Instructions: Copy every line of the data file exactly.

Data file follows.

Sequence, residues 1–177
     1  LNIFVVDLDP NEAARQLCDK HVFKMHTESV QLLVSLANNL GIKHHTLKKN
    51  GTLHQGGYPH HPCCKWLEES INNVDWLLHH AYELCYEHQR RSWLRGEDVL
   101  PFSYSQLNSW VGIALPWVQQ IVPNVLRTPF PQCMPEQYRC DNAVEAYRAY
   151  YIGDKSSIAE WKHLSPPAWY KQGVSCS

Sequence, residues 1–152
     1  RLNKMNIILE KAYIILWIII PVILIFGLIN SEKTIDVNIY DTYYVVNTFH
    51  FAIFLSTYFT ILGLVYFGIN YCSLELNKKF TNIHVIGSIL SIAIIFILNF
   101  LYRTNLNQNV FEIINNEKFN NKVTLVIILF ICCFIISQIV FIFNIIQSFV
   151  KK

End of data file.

Sequence, residues 1–177
     1  LNIFVVDLDP NEAARQLCDK HVFKMHTESV QLLVSLANNL GIKHHTLKKN
    51  GTLHQGGYPH HPCCKWLEES INNVDWLLHH AYELCYEHQR RSWLRGEDVL
   101  PFSYSQLNSW VGIALPWVQQ IVPNVLRTPF PQCMPEQYRC DNAVEAYRAY
   151  YIGDKSSIAE WKHLSPPAWY KQGVSCS

Sequence, residues 1–152
     1  RLNKMNIILE KAYIILWIII PVILIFGLIN SEKTIDVNIY DTYYVVNTFH
    51  FAIFLSTYFT ILGLVYFGIN YCSLELNKKF TNIHVIGSIL SIAIIFILNF
   101  LYRTNLNQNV FEIINNEKFN NKVTLVIILF ICCFIISQIV FIFNIIQSFV
   151  KK